His connection with the music of Sacred Heart Church brought him
into relation with musicians and music lovers, and he has been most
favorably received as a teacher and tuner. His classes of both piano and
organ students are large, and through a business arrangement with the
music dealing firms he is able to negotiate occasional sales of instru-
ments. He is a member of Local No. 214, American Federation of Musi-
cians, and has contributed largely toward raising New Bedford's musical
standard. He has composed many numbers which have been published,
most of them carefully arranged for the use of students and very care-
fully graded. Among these is a popular tarantella, "Napolita," "Pansies
and Roses," "Risette," a petite farandole, "Dancing Nymphs," "Young
Heroes March," all published by Presser, of Philadelphia, and valse de
concert, "Les Fleurs," published by C. W. Thompson, of Boston. Both
he and his wife are ardent supporters of everything that is good in music,
and wherever there is a good concert being given they are to be found.
Mr. Braun, with his wide and varied experience and musical attainments,
is exerting an influence in the right direction and one result of his work
is seen in the German singing society, "Arbeiter Liedertafel," of which
he was conductor for several years until obliged to retire through press
of engagements. He is a member of the Loyal Order of Moose, the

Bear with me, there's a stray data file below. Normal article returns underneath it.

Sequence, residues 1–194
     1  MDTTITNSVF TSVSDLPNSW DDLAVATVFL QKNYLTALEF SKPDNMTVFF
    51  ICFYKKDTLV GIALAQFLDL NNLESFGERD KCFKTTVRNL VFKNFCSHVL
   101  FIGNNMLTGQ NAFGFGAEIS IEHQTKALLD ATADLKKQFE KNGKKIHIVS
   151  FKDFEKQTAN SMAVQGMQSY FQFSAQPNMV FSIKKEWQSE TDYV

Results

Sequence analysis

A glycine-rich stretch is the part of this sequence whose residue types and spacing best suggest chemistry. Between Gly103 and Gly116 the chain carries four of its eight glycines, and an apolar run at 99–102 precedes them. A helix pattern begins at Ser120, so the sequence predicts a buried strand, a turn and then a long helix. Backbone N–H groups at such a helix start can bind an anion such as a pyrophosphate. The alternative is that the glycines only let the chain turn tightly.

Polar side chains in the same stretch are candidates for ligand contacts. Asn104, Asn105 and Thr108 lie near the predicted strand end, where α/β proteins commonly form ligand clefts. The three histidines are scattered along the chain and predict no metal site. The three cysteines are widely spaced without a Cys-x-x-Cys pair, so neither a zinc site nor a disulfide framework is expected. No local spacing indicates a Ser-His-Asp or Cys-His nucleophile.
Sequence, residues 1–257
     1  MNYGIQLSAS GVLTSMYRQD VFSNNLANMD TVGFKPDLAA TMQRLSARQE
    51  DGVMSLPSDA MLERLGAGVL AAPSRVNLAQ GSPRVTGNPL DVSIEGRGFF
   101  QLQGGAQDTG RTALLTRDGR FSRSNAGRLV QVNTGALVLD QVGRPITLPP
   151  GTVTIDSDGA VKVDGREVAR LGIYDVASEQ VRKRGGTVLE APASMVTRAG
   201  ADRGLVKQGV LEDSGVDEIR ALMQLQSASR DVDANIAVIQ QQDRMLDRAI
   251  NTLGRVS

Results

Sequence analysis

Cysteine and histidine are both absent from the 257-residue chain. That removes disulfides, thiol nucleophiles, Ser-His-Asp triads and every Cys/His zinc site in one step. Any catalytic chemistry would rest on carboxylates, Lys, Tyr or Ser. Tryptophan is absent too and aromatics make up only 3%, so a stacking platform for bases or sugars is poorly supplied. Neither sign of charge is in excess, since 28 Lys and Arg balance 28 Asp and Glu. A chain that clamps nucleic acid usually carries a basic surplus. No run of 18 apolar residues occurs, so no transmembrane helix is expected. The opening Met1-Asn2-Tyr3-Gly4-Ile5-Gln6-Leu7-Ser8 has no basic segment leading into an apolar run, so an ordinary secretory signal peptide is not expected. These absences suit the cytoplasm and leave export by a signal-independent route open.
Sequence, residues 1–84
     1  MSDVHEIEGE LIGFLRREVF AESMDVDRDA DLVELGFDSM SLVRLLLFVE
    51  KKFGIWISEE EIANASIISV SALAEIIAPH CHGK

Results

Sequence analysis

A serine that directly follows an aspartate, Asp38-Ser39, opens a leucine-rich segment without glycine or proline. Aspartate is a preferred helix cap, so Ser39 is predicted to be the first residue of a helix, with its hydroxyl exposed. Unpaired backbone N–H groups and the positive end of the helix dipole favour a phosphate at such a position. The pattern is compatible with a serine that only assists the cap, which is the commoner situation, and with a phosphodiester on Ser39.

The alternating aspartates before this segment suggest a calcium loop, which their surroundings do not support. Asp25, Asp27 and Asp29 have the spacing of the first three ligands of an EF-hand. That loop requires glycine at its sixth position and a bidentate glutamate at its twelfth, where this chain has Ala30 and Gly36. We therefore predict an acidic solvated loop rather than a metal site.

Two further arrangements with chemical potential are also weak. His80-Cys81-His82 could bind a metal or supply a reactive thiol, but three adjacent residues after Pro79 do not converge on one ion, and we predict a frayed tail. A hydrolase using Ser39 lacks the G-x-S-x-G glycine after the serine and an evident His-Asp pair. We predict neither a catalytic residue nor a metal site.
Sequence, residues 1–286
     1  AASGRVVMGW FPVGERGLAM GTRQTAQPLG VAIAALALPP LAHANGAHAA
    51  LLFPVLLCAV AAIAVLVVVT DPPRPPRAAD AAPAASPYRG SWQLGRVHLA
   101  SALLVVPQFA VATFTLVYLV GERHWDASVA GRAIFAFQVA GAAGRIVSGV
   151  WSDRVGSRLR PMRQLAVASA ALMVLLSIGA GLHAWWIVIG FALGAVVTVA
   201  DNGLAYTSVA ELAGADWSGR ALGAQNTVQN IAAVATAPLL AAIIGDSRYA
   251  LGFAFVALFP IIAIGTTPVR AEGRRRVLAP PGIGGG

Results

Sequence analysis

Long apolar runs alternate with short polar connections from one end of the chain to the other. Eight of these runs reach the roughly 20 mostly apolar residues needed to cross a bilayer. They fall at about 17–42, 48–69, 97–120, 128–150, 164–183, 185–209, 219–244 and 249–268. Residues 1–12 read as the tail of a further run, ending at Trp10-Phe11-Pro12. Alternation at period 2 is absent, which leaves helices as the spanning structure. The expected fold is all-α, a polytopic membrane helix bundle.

Francs Tireurs, Workmen's Sick and Death Benefit Association, Ameri-
can Federation of Musicians, Arbeiter Leidertafel, Chamber De Com-
merce (Franco-Americaine), and a communicant of Sacred Heart Parish,
Roman Catholic.


Mr. Braun married in Montreal, Canada, January 30, 1901, Laura
Angelina Roy, born at Lacadie, Province of Quebec, Canada, January 15,
1875, daughter of Laurent and Eleonore Roy. her father a retired farmer.
Mr. and Mrs. Braun are the parents of four children: Leon Alfred Nicho-
las, born February 22, 1902; Leopold Laurent Simon, July 13, 1903;
Laurette Julie Beatrice, November 9, 1907; Marcel Emile, July 19, 1914.


William Wallace Crapo is by unanimous consent reckoned the First
Citizen. This was an honor conceded to him many years ago, and he
has retained it through several generations. He is eighty-eight years old,
and the span of his life covers the transition of the city from a village to
the greatest whaling port in the world, and from the famous whaling
port to the first position among the cities of the United States in the
manufacture of cotton. Of these developments he has been a part, and
is still active in the management of great business afifairs connected with
the textile industry and its financing. He retains at the present time the
presidency of cotton mills and banks, and is consulted in the great affairs